TSO and Gimeno return

This Toronto Symphony Orchestra concert was a happening.

They’re back!

The audience clapped when the players appeared. And we clapped when Gustavo Gimeno came out for his first appearance as our New Music Director. The occasion was special for several reasons.

While we’ve seen him guest conduct this is different. He made a brief passionate speech about music and its power to communicate: and then defended his thesis in no uncertain terms.

I heard that the TSO are welcoming a thousand healthcare workers to concerts this week as a way of saying thank you for their heroics during the pandemic. Hear hear!

Everything about the concert seems new, partly because we’ve all been away.

The program notes are almost completely online now, saving a great deal of paper. I used to find it heart-breaking looking at the immense amounts of paper generated at the TSO as well as other venues around town. There’s just enough info in this program, as we know how many movements each piece has: except I was so lost in the experience that I applauded between movements, forgetting myself completely.

The gent sitting directly beside me happened to write the program notes, namely Michael Zarathus- Cook.

I asked for a selfie with Michael Zarathus-Cook, then captioned it on Facebook/Twitter as
“Wow the gent beside me seems to know as much about the music as the guy who wrote the program note. Remarkable.”

The protocol is new. The concert was roughly an hour long, that began 20 minutes late likely due to the bottleneck at the entrance as a big audience were required to show our vaccination documents. We had an hour without an intermission, likely because there is no way to accomplish social distancing in the Roy Thomson Hall washrooms (at least that’s my best guess). This surely hurts their revenue stream due to the loss of intermission sales. As I wondered whether this is just tonight or for longer, I saw on the TSO website the following statements about “resetting the stage”, and I quote:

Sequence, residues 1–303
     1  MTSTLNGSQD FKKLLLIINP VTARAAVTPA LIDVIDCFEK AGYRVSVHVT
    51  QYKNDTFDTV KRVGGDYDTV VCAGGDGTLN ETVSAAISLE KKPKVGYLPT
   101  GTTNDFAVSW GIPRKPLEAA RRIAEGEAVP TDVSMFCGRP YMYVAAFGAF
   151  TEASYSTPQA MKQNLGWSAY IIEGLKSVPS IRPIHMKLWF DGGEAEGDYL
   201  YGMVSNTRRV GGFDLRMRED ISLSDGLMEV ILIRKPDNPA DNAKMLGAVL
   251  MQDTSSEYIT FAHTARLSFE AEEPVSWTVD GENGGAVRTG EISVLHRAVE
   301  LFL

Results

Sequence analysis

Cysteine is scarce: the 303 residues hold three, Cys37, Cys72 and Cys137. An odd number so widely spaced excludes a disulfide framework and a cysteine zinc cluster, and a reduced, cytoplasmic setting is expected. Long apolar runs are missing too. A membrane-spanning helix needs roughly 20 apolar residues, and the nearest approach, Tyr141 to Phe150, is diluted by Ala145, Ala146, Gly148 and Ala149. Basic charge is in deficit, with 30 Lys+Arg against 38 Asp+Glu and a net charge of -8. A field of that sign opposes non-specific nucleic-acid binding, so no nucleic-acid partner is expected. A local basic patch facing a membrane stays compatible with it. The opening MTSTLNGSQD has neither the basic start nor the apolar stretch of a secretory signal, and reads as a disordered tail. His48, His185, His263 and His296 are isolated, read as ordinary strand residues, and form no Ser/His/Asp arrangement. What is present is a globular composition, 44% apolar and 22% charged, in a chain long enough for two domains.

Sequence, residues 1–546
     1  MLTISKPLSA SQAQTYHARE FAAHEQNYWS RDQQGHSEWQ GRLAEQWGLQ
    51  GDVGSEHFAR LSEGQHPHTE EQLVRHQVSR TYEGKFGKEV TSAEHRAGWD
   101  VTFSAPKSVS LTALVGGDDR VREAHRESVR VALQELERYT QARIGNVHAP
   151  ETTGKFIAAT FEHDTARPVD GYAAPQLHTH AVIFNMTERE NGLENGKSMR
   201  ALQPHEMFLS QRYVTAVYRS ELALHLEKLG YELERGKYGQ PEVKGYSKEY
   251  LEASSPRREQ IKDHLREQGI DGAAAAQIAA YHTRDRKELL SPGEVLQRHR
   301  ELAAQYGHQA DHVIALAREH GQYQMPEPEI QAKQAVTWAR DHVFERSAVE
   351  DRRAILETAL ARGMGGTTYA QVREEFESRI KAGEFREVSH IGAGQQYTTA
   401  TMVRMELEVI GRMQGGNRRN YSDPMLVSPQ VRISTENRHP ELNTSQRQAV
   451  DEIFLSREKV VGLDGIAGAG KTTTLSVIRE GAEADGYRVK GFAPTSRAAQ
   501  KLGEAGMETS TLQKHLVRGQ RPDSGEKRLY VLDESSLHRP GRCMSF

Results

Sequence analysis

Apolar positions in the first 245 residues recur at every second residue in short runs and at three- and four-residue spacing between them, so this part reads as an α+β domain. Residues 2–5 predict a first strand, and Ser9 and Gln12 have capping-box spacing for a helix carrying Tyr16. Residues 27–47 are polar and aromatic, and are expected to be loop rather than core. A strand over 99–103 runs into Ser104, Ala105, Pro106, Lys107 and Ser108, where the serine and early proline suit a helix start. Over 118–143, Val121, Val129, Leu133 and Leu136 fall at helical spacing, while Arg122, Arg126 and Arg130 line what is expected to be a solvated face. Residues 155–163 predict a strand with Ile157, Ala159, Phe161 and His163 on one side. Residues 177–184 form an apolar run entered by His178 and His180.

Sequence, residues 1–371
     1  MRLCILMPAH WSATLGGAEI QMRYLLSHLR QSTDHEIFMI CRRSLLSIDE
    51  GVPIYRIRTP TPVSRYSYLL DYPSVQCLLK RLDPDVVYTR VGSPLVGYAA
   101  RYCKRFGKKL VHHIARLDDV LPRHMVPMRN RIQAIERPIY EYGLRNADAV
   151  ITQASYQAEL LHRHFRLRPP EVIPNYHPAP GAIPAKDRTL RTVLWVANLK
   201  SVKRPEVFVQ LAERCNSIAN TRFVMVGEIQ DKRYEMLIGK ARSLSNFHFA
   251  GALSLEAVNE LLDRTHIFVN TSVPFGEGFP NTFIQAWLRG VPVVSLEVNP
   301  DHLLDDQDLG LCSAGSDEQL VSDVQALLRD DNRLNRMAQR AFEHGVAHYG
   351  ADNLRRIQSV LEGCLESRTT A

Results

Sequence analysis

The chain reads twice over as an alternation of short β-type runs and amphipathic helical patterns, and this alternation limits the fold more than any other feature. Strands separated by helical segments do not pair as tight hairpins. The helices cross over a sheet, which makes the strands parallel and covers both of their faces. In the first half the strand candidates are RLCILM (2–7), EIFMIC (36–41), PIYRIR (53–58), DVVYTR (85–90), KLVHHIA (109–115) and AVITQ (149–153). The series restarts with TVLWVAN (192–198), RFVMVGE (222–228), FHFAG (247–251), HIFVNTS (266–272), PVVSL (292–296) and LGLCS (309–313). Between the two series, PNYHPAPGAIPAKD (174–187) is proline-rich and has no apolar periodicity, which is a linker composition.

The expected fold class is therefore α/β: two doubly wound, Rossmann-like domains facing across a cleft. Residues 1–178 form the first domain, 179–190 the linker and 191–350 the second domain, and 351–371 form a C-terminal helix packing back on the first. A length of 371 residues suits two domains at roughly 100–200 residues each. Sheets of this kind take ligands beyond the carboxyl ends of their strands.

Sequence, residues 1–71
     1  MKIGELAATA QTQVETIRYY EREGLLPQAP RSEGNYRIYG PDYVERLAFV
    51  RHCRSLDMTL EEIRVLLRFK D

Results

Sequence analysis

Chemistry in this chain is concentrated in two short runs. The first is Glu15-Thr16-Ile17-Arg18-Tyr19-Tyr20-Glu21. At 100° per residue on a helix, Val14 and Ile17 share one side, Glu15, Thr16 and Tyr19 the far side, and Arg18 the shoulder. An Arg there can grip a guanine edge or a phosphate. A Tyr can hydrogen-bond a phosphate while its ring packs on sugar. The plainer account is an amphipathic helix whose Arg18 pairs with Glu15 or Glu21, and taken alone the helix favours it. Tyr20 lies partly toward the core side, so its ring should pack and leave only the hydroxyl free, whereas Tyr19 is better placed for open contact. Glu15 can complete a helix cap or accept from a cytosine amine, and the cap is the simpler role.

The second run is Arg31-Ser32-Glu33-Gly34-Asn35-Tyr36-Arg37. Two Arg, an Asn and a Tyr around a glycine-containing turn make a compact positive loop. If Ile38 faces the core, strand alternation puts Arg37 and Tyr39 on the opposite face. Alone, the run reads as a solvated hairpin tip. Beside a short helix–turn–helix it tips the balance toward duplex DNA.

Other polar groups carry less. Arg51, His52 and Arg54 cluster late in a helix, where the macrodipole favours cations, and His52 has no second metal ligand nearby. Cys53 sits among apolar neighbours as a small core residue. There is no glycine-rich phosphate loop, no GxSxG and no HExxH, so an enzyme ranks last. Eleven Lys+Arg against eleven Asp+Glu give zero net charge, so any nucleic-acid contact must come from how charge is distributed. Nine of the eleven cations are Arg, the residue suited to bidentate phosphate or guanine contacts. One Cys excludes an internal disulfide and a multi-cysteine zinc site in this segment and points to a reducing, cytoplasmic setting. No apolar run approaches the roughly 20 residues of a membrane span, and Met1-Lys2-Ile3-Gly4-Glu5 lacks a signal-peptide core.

• November through February concerts will be 60–75 minutes without intermissions, and include approximately 50 musicians on the stage.
• March through June Masterworks and Pops concerts will feature the entire ensemble in full-length programs with intermissions.

I also saw this factoid under :safety measures”
“Approximately 60% of available capacity will be offered for TSO performances in November at Roy Thomson Hall (roughly 1,550 seats out of 2,600).

I wondered a couple of times: is it my imagination? The acoustic of the hall seems: different. The brass especially had extra pop. I wondered if that was because of the new onstage configuration of players. The concertmaster and principal cello used to stare eye to eye from the lip of the stage, but Joseph Johnson’s cello cohort are now alongside violins on the same side of the stage, with the double basses deep on that side as well. The brass were fully upstage close to the wall.

Perhaps the powerful acoustic is a function of the hall capacity, given that a full hall of people sucks the energy out of the music, while an empty one would have more energy.

It’s nice if the pandemic can offer us a bonus.

Oh wait, and then there’s the music. Our hour-long concert was a wonderful welcome back, both for the audience and the TSO, consisting of four works: